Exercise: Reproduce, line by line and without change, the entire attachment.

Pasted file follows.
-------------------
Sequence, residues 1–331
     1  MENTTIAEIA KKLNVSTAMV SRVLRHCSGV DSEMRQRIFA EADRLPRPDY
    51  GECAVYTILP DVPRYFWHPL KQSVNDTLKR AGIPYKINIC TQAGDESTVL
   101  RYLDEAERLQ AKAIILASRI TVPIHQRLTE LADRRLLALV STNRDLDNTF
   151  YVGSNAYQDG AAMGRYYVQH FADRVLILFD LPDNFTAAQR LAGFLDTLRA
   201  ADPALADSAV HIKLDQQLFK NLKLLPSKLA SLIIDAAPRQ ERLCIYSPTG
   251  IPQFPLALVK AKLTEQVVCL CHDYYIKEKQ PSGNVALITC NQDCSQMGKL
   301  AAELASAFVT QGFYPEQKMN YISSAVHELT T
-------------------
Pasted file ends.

Sequence, residues 1–331
     1  MENTTIAEIA KKLNVSTAMV SRVLRHCSGV DSEMRQRIFA EADRLPRPDY
    51  GECAVYTILP DVPRYFWHPL KQSVNDTLKR AGIPYKINIC TQAGDESTVL
   101  RYLDEAERLQ AKAIILASRI TVPIHQRLTE LADRRLLALV STNRDLDNTF
   151  YVGSNAYQDG AAMGRYYVQH FADRVLILFD LPDNFTAAQR LAGFLDTLRA
   201  ADPALADSAV HIKLDQQLFK NLKLLPSKLA SLIIDAAPRQ ERLCIYSPTG
   251  IPQFPLALVK AKLTEQVVCL CHDYYIKEKQ PSGNVALITC NQDCSQMGKL
   301  AAELASAFVT QGFYPEQKMN YISSAVHELT T